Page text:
The vaccine procurement fiasco in Europe has led some countries to turn to Moscow and Beijing in a desperate bid to get their hands on scarce supplies of life saving jabs. The Serbian government has managed to inoculate two million of its seven million citizens, thanks mainly to its heavy reliance on the Chinese-made Sinopharm jab. In January, Hungary became the first EU country to break ranks with Brussels and approve Russia’s Sputnik V vaccine.
On a visit to Moscow, the country’s Foreign Minister Peter Szijjarto told reporters that Hungary had agreed to purchase large quantities of Sputnik V.
Many political commentators fear that Moscow and Beijing are successfully exploiting the vaccine chaos to further their political agendas and undermine support for Western democracies.
President Macron echoed such fears at a press conference following an EU summit this week.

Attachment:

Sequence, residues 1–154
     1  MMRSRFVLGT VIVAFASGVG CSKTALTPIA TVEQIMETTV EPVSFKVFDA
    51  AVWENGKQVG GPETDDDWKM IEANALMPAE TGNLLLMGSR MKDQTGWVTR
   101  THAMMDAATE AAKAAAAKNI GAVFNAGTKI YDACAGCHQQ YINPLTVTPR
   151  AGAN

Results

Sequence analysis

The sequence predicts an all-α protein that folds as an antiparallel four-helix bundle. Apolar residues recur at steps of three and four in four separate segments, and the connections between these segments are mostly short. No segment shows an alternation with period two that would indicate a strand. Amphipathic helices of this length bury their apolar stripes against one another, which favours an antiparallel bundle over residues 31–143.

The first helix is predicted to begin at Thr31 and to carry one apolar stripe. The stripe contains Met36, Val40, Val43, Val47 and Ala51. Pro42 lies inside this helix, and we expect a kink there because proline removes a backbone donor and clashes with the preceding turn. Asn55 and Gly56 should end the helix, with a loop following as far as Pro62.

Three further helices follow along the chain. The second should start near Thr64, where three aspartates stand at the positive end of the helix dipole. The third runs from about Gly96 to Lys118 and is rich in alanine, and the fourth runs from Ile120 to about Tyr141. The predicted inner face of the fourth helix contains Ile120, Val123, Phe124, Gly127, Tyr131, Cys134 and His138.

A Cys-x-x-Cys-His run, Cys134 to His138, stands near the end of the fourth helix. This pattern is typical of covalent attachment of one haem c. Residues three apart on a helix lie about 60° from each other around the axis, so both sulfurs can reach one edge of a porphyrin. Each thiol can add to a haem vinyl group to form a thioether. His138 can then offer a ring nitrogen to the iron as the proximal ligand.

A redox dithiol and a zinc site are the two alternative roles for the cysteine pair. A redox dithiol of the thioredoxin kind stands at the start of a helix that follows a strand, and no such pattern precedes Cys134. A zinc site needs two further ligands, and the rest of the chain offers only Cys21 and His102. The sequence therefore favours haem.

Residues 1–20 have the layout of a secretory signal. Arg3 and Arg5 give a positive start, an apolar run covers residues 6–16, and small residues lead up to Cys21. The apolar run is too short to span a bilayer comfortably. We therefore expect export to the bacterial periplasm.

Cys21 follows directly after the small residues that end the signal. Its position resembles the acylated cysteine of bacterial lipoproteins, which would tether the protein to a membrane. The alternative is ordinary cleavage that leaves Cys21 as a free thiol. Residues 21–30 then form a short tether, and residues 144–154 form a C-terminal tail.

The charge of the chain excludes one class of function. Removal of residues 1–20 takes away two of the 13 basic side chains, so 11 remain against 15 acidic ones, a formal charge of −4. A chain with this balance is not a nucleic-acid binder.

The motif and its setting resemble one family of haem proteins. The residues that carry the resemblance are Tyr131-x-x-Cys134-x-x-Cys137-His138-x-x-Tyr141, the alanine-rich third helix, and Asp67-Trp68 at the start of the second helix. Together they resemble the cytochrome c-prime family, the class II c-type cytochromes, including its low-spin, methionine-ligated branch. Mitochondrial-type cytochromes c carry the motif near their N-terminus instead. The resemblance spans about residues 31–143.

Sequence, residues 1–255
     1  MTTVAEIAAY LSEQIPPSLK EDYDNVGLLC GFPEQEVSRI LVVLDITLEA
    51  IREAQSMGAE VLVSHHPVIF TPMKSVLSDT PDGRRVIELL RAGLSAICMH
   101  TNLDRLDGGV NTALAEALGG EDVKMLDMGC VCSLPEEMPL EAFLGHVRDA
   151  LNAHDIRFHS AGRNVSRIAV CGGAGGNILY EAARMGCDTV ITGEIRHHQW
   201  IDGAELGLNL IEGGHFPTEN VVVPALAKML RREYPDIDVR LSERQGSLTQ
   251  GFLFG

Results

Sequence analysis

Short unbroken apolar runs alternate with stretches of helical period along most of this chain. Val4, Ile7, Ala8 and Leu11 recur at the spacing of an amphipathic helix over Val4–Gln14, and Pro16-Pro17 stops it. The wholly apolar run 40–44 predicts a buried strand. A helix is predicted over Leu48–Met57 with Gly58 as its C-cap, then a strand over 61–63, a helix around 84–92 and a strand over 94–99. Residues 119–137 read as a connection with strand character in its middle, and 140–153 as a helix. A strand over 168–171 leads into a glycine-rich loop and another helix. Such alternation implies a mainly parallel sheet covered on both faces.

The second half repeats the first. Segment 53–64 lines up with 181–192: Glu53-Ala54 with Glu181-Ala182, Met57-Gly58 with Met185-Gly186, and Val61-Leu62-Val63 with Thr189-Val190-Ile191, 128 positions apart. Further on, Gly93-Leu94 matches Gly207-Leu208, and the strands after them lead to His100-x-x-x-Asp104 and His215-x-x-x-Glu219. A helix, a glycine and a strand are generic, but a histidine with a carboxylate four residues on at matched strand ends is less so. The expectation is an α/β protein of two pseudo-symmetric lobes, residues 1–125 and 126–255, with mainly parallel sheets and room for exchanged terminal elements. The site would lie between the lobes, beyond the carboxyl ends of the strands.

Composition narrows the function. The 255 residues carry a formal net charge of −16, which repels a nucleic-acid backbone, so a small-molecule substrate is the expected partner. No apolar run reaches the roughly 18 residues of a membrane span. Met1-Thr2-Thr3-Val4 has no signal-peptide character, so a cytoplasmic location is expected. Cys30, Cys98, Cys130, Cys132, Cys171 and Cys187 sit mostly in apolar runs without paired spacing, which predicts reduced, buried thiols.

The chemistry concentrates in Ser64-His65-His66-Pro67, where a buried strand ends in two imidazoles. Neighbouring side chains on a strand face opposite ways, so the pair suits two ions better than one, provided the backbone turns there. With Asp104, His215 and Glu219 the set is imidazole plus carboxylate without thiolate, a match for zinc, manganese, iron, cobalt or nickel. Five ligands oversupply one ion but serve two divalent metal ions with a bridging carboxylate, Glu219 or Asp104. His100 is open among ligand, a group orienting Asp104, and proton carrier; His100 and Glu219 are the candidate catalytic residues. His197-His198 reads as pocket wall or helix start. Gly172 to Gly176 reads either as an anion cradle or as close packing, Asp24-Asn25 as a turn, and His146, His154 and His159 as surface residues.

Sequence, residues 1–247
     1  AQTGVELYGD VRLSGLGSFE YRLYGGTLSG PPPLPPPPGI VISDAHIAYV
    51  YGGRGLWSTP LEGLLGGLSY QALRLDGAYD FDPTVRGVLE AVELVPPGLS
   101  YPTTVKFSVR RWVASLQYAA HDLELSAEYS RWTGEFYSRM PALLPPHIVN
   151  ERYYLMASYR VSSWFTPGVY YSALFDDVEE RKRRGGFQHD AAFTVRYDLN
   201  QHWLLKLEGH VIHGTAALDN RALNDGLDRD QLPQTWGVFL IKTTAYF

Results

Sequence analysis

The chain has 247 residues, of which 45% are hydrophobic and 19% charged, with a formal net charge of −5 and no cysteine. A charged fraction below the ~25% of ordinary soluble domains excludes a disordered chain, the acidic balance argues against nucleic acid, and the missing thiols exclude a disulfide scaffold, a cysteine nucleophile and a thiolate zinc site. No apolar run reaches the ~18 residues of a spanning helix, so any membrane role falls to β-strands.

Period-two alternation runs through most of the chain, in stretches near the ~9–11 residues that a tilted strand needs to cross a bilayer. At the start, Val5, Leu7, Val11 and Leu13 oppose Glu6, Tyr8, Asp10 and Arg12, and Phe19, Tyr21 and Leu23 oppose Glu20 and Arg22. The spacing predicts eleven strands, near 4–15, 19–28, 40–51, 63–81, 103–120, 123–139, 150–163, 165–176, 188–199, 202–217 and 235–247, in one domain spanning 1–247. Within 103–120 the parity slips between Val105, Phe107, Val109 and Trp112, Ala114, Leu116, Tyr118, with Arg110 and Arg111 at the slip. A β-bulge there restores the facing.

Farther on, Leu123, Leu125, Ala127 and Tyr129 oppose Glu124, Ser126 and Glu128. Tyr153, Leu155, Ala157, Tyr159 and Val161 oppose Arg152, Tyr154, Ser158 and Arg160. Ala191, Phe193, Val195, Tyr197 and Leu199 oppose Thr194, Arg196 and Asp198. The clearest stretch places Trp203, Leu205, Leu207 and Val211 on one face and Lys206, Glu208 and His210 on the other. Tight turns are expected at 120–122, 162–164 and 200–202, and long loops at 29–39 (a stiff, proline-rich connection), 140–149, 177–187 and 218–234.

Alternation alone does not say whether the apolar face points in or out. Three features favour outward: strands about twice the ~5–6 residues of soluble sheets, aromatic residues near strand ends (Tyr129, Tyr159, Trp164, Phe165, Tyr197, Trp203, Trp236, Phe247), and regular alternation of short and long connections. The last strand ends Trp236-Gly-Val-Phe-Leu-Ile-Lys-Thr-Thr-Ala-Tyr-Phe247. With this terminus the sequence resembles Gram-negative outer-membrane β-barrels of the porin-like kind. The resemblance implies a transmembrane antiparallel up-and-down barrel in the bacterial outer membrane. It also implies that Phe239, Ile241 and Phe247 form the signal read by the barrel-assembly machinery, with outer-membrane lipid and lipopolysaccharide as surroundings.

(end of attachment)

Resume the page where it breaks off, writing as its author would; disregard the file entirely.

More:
The French President said: “We are looking in particular at Russian and Chinese attacks and attempts to gain influence through the vaccine.”
Both Russia and China have vehemently denied that they are acting according to their respective geopolitical interests.
They insist their vaccination distribution programmes are based purely on humanitarian principles.
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His Chinese counterpart, Wang Yi, said: “Our intention from the start is to let more people receive the vaccine as soon as possible.
“For China and Russia, our choice is not to benefit only ourselves, but rather to help the whole world.”
Mr Yi then went on to accuse some countries of “selfish mass hoarding of vaccines”.